The treatment of blood cancers in dogs, for example, can benefit from AI. While chemotherapy is often the treatment of choice in cancer cases, finding the right drugs to use in each patient is a difficult task. In addition, the treatment is costly and time-consuming and takes a toll on the patient and its owner. AI can help veterinarians screen the most effective drugs and exclude ineffective ones before choosing a treatment regimen.
Will AI Replace Veterinarians?
Trepidation around AI often centers on a fear that artificial intelligence will replace people. That’s not the case here. Nothing can replace the expertise of a good veterinarian in the diagnosing and treating of animal patients. However, AI is a valuable tool that can help veterinarians do their jobs with greater speed and precision, freeing them to concentrate on more complex tasks and focus on the welfare of their patients.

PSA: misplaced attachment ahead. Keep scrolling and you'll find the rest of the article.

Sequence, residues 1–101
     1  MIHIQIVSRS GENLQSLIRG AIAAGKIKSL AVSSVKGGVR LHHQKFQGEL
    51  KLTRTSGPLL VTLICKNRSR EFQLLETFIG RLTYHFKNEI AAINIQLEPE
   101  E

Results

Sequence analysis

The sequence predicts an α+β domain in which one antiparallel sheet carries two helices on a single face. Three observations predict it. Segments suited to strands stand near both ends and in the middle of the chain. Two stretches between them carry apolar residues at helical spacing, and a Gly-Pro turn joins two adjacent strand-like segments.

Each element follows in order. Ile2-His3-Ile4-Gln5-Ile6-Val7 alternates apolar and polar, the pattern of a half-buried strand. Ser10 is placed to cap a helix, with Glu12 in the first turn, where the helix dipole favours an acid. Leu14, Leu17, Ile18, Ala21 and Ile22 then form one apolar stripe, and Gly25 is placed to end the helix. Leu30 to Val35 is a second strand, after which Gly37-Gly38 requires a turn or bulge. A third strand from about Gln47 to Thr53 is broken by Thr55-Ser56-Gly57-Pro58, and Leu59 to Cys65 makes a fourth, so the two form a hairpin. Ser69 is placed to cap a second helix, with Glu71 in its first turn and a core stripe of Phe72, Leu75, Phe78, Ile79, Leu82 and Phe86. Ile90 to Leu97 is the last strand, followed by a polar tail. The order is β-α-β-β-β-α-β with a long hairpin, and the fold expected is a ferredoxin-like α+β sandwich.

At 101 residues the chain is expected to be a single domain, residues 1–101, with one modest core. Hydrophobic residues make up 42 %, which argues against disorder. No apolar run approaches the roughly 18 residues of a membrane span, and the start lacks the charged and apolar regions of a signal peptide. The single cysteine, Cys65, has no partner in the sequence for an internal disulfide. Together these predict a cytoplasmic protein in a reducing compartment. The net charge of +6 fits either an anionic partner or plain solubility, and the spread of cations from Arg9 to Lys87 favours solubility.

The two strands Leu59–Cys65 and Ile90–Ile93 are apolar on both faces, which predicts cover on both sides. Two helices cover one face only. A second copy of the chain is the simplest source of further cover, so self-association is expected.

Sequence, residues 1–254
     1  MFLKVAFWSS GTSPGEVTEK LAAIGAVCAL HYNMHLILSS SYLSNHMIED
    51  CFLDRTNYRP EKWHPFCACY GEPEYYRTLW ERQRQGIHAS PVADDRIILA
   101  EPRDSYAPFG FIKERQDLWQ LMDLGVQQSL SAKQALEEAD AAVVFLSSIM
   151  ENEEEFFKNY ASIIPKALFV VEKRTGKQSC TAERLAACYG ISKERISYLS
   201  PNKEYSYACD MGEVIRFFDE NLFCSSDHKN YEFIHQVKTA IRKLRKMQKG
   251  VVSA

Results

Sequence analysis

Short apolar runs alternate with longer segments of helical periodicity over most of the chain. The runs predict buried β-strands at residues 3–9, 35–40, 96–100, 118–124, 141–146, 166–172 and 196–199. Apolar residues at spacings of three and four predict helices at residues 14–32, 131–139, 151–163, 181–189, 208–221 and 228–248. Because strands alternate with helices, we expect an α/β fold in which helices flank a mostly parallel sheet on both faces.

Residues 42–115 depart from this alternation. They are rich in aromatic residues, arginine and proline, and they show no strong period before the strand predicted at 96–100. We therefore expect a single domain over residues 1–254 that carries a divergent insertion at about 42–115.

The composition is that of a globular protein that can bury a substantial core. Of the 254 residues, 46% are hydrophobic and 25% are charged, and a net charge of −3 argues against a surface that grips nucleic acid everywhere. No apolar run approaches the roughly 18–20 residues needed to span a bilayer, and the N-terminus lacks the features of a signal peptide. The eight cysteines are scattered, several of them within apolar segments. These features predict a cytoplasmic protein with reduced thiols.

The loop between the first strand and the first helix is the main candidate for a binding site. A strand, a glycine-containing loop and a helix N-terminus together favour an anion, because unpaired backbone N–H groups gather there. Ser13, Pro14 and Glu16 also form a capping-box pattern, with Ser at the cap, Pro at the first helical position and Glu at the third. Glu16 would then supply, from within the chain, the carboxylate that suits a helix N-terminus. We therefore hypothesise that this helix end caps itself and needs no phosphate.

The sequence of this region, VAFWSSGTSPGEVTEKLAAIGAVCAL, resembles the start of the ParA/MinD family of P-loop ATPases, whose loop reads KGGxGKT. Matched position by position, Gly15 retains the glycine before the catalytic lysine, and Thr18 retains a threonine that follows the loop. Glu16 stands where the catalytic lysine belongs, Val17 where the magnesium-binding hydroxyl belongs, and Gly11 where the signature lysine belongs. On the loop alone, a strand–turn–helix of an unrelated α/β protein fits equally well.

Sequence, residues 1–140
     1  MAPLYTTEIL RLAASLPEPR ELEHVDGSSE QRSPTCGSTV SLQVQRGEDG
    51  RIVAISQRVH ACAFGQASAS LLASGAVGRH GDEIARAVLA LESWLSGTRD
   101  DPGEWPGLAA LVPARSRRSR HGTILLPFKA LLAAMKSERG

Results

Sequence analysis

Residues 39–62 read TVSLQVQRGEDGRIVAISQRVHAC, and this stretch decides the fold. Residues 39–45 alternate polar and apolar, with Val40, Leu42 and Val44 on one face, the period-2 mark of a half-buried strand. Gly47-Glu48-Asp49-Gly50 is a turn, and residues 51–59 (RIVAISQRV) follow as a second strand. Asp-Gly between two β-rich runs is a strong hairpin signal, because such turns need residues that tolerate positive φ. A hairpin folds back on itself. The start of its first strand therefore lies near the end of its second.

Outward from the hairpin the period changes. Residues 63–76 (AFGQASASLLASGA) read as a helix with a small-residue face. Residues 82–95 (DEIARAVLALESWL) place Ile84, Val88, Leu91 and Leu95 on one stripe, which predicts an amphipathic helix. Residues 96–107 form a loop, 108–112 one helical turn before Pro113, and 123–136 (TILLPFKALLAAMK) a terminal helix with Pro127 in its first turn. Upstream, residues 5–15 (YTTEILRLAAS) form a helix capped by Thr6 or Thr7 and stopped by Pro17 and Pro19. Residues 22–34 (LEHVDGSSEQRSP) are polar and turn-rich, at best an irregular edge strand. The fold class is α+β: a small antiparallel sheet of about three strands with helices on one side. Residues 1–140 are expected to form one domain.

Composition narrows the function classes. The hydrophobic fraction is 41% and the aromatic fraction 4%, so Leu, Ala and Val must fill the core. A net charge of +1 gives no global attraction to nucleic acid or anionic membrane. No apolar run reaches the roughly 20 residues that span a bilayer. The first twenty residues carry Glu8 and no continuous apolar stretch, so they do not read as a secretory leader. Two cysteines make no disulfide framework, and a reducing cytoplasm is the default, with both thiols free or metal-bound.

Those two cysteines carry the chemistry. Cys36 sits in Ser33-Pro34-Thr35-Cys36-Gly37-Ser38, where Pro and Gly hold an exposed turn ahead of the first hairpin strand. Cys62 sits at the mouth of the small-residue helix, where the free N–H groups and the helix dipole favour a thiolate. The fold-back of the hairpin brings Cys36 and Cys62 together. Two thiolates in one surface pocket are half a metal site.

A BACKUP PLAN
DeepTag, a classification algorithm for veterinary clinical text, isn’t omniscient, its developers acknowledged in a study published at go.nature.com/2RpLeoT. “DeepTag also learns to abstain in examples when it is uncertain and defers them to human experts, resulting in improved performance,” their article states.